In today's fast-moving and interconnected world, we can hardly imagine a day without a Smartphone. The latest data reveal that there are over 6 billion smartphone users around the world, representing 66% of the global population. But, do we really know what a smartphone is, or what its consequences are for people's lives across the globe? To find out 11 anthropologists (Daniel Miller, Laila Abed Rabho, Patrick Awondo, Maya de Vries, Marília Duque, Pauline Garvey, Laura Haapio-Kirk, Charlotte Hawkins, Alfonso Otaegui, Shireen Walton, and Xinyuan Wang) each spent 16 months living in communities in Africa, Asia, Europe and South America, participating in the daily lives of people living there and focusing on the adoption of smartphones by older people. Based on their findings, UCL press has published this book entitled "The Global Smartphone: Beyond a youth technology". Their research discloses that smartphones are a technology for everyone, not just for the young people.
The book presents a series of original perspectives deriving from a comparative research project on the ways that people use smartphones. The authors show how the smartphone is more than an 'app device' and explore differences between what people say about smartphones and how they use them. The smartphone is unprecedented in the degree to which the user can transform it. It follows that in order to comprehend it, we must take into consideration a range of national and cultural nuances, such as visual communication in China and Japan, mobile money in Cameroon and Uganda, and access to health information in Chile and Ireland-all alongside diverse trajectories of aging in Al Quds, Brazil, and Italy.
The book contains nine chapters. The introductory chapter begins with a brief discussion of what the smartphone is not. The authors think that the term 'smartphone' itself is somewhat misleading. To understand this device we need to reconsider the terms 'smart' and 'phone'. This publication is based on a totally different concept of smart, for which the authors have borrowed the phrase 'smart from below'. Chapter-2 focuses on what people say about smartphones. People's opinion is full of contradictions - an ambivalence that reflects the way in which smartphones mostly create benefits and problems simultaneously. The third chapter of the book explores the smartphone in context. This chapter helps us to understand how smartphones have an impact as material objects. Their value may be used to express status or expose us to theft. Their costs may be a significant burden for people with low incomes. Chapter-4 states that to know a smartphone and its user properly involves going through every single app on that smartphone and finding out whether it is used and how it is used.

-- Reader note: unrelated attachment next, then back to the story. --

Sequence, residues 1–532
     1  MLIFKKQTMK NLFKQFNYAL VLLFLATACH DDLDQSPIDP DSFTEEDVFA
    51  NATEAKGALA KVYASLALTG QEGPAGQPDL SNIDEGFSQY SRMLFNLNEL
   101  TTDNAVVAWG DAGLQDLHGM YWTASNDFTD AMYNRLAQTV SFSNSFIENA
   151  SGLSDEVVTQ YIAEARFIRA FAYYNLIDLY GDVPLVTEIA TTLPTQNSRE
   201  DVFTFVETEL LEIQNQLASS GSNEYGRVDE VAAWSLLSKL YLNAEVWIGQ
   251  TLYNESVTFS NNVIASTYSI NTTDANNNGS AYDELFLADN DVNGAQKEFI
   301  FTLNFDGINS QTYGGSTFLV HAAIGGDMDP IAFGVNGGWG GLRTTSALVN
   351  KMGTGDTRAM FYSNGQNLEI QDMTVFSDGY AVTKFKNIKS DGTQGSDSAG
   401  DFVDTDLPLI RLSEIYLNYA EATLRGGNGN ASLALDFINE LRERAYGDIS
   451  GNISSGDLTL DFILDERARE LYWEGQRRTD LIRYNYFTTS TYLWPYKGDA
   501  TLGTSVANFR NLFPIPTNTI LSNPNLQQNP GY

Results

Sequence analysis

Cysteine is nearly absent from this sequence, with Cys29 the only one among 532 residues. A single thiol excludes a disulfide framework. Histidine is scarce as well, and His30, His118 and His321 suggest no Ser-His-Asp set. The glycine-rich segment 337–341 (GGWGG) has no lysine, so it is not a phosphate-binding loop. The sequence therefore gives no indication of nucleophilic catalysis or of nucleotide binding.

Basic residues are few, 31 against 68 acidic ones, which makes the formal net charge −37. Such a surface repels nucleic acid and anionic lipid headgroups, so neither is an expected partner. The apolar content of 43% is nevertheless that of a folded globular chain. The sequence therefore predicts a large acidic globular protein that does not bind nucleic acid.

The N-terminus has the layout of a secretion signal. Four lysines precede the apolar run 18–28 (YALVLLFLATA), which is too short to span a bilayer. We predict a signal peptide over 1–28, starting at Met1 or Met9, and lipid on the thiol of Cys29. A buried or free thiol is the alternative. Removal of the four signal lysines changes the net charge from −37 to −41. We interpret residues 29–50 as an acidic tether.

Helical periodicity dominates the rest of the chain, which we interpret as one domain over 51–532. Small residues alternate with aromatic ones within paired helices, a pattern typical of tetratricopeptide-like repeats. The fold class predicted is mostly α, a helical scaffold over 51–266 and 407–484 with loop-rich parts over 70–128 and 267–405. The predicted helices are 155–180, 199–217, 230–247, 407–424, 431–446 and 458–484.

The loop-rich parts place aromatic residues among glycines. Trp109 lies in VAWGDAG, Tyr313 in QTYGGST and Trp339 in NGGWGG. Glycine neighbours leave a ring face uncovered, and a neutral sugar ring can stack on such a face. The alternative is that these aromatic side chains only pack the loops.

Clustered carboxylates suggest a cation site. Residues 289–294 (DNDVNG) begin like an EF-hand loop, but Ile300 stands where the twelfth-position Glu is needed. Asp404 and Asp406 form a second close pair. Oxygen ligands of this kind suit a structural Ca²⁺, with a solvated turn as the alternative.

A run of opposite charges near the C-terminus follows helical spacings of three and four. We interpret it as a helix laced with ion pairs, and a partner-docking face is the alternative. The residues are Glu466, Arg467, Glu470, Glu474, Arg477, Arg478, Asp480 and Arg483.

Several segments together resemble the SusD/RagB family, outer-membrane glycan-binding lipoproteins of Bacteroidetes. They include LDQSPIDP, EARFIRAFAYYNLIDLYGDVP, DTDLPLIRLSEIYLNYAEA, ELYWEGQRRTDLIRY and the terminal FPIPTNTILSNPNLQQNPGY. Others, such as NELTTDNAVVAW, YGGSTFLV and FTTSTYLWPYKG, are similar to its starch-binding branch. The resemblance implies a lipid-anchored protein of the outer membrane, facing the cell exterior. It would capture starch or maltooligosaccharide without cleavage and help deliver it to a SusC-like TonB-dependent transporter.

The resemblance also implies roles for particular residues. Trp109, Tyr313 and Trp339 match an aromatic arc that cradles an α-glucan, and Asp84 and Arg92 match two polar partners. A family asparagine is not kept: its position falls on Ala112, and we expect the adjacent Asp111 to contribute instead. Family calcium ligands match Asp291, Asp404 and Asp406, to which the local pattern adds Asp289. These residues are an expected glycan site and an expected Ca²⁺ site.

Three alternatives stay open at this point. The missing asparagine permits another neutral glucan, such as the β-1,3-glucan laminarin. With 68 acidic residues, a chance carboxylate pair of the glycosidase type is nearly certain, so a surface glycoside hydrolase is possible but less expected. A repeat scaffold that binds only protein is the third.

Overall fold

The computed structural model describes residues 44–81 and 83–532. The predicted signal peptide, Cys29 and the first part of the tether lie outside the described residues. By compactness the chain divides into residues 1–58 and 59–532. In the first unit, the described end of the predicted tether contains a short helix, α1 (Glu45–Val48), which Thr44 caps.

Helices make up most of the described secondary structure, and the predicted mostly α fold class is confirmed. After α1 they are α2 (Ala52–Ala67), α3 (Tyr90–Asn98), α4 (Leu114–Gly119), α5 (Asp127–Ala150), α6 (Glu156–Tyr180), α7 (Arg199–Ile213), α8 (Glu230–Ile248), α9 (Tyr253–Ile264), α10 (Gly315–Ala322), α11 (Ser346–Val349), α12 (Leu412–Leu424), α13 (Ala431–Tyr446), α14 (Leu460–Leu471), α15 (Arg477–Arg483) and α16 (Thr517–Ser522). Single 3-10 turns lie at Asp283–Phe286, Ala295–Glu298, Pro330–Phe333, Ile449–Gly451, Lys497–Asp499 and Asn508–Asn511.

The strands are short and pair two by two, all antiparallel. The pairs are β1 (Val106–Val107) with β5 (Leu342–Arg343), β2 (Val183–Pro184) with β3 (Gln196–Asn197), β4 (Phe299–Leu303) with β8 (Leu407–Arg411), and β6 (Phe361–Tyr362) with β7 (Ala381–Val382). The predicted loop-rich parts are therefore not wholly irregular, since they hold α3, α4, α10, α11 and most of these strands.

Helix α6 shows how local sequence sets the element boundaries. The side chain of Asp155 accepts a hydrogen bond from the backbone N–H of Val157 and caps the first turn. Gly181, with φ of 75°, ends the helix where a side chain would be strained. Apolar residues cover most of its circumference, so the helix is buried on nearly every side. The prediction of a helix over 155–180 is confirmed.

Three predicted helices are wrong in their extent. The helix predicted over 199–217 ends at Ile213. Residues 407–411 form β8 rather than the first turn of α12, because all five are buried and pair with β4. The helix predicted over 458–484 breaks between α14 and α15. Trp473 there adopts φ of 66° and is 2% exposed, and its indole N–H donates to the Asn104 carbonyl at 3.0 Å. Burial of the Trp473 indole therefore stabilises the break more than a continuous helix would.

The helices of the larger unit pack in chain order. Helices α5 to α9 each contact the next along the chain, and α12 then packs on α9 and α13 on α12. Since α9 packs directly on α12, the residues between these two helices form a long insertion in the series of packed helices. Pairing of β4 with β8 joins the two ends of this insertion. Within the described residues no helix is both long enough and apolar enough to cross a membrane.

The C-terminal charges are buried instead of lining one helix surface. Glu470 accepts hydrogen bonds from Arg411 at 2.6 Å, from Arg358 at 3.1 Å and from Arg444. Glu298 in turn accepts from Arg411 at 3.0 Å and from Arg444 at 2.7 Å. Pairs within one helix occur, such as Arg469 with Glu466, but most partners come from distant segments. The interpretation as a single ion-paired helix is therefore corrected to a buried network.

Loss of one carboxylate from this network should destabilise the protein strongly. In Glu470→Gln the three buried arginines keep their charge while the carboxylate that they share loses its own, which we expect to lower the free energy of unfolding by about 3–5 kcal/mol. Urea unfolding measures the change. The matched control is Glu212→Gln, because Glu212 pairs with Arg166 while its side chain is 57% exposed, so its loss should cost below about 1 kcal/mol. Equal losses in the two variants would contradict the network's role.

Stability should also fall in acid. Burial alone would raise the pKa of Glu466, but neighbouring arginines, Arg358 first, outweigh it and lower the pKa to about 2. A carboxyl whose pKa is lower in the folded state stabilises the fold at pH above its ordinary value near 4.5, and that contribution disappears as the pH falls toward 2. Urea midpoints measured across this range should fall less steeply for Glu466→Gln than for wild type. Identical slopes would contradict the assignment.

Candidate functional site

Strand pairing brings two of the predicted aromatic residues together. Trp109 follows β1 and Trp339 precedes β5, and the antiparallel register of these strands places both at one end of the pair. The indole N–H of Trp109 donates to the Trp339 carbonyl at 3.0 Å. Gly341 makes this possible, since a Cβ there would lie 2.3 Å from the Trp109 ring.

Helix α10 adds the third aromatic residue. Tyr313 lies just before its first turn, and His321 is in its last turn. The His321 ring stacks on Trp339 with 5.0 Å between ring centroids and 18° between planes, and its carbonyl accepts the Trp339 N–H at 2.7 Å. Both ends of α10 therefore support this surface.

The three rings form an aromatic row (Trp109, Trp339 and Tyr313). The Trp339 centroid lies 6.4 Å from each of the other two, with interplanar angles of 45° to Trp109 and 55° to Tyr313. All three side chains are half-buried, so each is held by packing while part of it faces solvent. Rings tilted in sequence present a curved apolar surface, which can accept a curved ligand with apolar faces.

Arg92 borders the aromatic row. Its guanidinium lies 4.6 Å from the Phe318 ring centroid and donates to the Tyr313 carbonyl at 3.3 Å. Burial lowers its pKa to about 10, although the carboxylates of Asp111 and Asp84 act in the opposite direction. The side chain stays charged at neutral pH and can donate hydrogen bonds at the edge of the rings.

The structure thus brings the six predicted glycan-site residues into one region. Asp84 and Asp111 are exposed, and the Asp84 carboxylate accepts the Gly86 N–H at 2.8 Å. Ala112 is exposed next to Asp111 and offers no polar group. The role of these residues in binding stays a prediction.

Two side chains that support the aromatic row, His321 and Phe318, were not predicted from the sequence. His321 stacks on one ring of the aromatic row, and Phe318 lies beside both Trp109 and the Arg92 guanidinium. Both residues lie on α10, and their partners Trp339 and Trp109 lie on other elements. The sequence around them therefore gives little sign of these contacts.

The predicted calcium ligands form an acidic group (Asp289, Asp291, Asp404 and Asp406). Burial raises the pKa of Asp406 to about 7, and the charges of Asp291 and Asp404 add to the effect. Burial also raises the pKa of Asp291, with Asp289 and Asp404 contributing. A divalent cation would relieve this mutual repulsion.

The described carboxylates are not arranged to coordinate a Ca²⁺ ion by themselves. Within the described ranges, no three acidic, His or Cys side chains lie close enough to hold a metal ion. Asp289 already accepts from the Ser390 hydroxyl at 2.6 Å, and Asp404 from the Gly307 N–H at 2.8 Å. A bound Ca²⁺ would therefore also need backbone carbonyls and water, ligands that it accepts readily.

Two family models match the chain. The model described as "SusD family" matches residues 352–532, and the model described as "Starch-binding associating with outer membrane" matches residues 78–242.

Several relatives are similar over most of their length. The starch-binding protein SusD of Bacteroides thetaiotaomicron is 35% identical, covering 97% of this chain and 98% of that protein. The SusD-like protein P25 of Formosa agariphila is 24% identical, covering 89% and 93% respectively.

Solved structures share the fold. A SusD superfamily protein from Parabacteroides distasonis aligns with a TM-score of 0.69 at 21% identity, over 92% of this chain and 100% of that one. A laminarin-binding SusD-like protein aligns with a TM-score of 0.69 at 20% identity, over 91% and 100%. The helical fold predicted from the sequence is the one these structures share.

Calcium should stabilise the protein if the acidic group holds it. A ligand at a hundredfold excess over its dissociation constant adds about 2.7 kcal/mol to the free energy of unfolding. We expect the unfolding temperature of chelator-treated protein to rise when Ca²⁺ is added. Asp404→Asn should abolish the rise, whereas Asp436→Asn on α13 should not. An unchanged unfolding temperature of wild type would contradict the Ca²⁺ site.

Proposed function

The fifth chapter of the book sheds light on 'Perpetual Opportunism' which refers to the smartphone being always available and the ways in which this changes people's relationship to the world around them. While chapter six draws our attention towards crafting, chapter-7 discusses about ageing and smartphones. The eighth chapter examines the heart of the smartphone - LINE, WeChat and WhatsApp. These apps may become so dominant that users view smartphones essentially as devices for gaining access to these platforms. The book concludes with general and theoretical reflections (Chapter-9). In this chapter, the authors put greater emphasis on the consequences of smartphones for people. Ultimately, as anthropologists, they are less interested in technology per se - the question of what a smartphone is - than in using studies of such devices to throw light on individuals, society and culture with the goal of furthering our understanding of humanity.
The writer is an independent researcher. E-mail: [email protected]
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